New Year parody flyer decries Carbondale paper’s demise
CARBONDALE, Colorado ” The first Thursday in some 34 years that Carbondale’s weekly Valley Journal newspaper was officially out of print, which also happened to be New Year’s Day, was too much for some unknown rebel opportunists to pass up.
Visitors to local newsstands were greeted Thursday by a one-sheet parody “Valley Jurinal,” photo-copied on yellow 11-by-17-inch paper and placed in the display windows of otherwise empty Valley Journal boxes, and other nearby newspaper boxes.
The parody sheet includes a mock-up of the Valley Journal’s trademark cover design, with a photo of a group of people at what appears to be a 1950s public book-burning, throwing copies of last week’s farewell edition of the VJ into the fire. Bob Lombardi, regional circulation director for Colorado Mountain News Media, owner of The Valley Journal, the Glenwood Springs Post Independent and The Aspen Times, said the unauthorized use of newspaper boxes in public places by other publications can be a gray area. But the fact that there may have been an “element of maliciousness” could make it a criminal matter.
“It is an unauthorized trespass on our personal property,” Lombardi said. “It also appears to be an infringement and deliberate misrepresentation of our copyrighted material.”
Under the cover photo is the caption: “Locals ‘celebrated’ the last issue of the Roaring Fork Valley Journal last weekend in Satank. Local rebellious riff-raff vowed to ‘take back the town from heartless corporations.'”
Printed on the back is an “editorial” decrying the paper’s demise under chain ownership with the headline, “Formula for business failure on display (again),” along with an “Over the Fence” spoof and an article on the fictitious organizer of the rebellion, “Jim Dinkleson.”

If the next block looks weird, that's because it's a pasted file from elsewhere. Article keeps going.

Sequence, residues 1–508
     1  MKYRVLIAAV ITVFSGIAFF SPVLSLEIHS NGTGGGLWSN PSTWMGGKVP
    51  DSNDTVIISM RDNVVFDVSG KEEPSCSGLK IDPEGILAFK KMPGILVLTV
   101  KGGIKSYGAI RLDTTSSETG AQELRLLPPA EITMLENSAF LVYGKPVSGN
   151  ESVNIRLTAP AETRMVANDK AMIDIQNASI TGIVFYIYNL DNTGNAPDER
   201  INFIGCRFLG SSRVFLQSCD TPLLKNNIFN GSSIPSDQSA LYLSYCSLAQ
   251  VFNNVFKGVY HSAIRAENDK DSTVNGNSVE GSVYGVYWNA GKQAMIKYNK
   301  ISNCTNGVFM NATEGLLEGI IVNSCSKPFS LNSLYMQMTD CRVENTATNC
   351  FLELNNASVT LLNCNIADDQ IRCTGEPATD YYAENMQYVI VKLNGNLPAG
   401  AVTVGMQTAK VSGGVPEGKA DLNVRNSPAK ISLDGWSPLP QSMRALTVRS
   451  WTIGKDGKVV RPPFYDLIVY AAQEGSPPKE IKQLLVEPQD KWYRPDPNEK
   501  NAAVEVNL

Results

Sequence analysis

Colorado Mountain News Media and its parent company, Swift Communications of Nevada, made the decision to suspend publication of the VJ with its Dec. 25 edition, citing declining revenues, an ailing economy and the general downturn in the newspaper industry.
This week, Gypsum-based CMNM announced that it was closing two of its other weekly publications, the Leadville Chronicle and the Spanish-language La Tribuna, and reducing staff at the daily Glenwood Springs Post Independent and The Aspen Times. In November, CMNM closed the Vail Trail weekly.
The Valley Journal announced in the Dec. 25 issue that it was suspending publication indefinitely, but left the door open for the newspaper’s return in the future, should circumstances change. The VJ had been operated by a variety of local owners from 1975 to 1998, when it was purchased along with several other area publications by Morris Communications out of Augusta, Ga. Morris sold its area holdings to Swift in 2000.
Lombardi said it’s OK for people to vent their frustrations about the newspaper shutting down, but he thinks there’s a better forum for that type of commentary.
“We have a wonderful avenue for these types of opinions and dissent; it’s called the letters to the editor,” he said. “Unfortunately, they chose not to take that route.”
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